A radioactive plume is expected to reach the West Coast sometime this year, but experts say it will be diluted by currents off Japan’s east coast and, according to the Live Science website:

The majority of the cesium-137 will remain in the North Pacific gyre – a region of ocean that circulates slowly clockwise and has trapped debris in its center to form the ‘Great Pacific Garbage Patch’ – and continue to be diluted for approximately a decade following the initial Fukushima release in 2011.

Oceanographic Institution calls for public’s help

With the lack of data from government, the Woods Hole Oceanographic Institution is asking the public for help. In January, Ken Buesseler, senior scientist and director of the Center for Marine and Environmental Radioactivity at the U.S.-based non-profit, launched a fundraising campaign and citizen science website to collect and analyze seawater along North America’s West Coast.

“Whether you agree with predictions that levels of radiation along the Pacific Coast of North America will be too low to be of human health concern or to impact fisheries and marine life, we can all agree that radiation should be monitored, and we are asking for your help to make that happen,” Buesseler said in a news release.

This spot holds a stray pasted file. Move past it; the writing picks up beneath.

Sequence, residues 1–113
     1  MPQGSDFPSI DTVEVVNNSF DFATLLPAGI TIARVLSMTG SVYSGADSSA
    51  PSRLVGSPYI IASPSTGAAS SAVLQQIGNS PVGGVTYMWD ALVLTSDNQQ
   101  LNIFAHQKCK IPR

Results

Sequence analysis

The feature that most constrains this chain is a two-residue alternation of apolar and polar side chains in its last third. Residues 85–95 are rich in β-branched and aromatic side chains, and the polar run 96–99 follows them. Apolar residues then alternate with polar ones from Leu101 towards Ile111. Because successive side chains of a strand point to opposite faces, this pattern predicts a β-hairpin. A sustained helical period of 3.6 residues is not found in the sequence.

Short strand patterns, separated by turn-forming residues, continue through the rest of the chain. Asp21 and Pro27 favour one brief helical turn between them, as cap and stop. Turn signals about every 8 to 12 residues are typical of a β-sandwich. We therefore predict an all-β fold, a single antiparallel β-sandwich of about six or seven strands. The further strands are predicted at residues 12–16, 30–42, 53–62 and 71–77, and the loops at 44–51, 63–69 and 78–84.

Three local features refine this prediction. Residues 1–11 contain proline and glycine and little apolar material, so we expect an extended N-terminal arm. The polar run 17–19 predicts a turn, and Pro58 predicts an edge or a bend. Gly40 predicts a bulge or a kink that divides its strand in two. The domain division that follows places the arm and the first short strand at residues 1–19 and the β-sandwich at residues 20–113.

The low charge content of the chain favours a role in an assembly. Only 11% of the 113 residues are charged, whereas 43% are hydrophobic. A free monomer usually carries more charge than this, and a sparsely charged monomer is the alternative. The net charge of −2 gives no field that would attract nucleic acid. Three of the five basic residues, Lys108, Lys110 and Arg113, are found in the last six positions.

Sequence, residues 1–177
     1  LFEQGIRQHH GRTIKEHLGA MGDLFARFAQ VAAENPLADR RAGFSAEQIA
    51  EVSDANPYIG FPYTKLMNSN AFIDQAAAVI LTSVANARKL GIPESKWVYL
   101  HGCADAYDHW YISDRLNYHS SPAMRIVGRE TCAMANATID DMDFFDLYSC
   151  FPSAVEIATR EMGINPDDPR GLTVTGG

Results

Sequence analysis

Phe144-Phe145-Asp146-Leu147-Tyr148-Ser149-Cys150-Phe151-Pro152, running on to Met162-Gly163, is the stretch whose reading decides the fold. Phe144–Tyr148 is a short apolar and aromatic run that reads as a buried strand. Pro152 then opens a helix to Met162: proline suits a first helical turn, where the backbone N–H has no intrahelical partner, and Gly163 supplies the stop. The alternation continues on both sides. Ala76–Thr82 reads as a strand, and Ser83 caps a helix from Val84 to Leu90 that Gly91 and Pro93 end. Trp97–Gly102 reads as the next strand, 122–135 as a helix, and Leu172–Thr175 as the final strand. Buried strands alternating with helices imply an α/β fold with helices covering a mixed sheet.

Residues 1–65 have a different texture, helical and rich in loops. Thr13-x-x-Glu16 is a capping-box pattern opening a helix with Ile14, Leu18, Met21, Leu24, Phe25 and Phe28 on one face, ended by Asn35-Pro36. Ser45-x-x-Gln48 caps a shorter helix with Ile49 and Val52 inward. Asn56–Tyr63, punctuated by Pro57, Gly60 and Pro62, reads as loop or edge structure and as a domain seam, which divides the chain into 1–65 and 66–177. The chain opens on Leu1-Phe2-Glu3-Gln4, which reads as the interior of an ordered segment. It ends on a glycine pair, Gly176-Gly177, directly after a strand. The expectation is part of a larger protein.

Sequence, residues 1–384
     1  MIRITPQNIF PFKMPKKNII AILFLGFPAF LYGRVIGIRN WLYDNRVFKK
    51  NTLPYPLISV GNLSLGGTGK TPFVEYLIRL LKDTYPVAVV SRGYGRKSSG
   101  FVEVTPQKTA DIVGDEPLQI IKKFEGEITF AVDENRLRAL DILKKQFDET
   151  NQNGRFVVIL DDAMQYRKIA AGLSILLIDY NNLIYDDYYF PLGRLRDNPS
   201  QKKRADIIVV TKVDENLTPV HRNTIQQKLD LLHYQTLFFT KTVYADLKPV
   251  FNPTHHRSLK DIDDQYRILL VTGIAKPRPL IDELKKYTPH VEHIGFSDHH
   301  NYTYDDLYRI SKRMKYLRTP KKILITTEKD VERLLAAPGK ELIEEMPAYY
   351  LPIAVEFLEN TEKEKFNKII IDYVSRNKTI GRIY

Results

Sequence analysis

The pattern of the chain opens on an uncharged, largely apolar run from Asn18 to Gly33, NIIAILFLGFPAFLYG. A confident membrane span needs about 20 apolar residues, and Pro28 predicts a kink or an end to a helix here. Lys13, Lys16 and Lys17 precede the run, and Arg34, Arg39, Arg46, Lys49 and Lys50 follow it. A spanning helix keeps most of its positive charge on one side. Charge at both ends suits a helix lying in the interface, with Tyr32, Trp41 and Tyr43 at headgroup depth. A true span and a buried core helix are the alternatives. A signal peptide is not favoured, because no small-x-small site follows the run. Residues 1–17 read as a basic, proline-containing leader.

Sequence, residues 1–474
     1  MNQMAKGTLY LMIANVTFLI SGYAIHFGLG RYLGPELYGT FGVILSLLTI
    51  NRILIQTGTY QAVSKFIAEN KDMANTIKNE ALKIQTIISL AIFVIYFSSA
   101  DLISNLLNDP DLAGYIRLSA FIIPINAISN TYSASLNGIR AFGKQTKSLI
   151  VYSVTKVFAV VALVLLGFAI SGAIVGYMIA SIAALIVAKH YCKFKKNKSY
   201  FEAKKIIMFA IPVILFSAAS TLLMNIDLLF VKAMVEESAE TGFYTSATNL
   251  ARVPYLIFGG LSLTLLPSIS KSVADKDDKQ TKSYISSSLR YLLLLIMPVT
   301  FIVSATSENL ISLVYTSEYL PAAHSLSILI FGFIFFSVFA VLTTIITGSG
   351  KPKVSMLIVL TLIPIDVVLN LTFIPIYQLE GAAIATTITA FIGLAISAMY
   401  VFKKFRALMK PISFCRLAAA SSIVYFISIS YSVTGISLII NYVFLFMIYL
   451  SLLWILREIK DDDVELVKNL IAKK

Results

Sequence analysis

British Columbians can submit coastal water samples

water samplingParticipants can help fund and propose new sites for seawater sampling, and collect seawater to ship to the lab for analysis. The David Suzuki Foundation is the point group for two sampling sites, on Haida Gwaii and at Bamfield on the west coast of Vancouver Island. Data will be published at How Radioactive Is Our Ocean?, and will include an evolving map showing cesium concentrations with links to information about radioactivity in the ocean and what the levels mean.

The oceans contain naturally occurring radioactive isotopes and radiation from 1960s nuclear testing. Buesseler doesn’t think levels in the ocean or seafood will become dangerously high because of the Fukushima disaster, but he stresses the importance of monitoring.

The Fukushima disaster was a wake-up call for the potential dangers of nuclear power plants, especially in unstable areas. North Americans may have little cause for concern for now, but without good scientific information to determine whether or not it is affecting our food and environment we can’t know for sure. The Woods Hole initiative is a good start.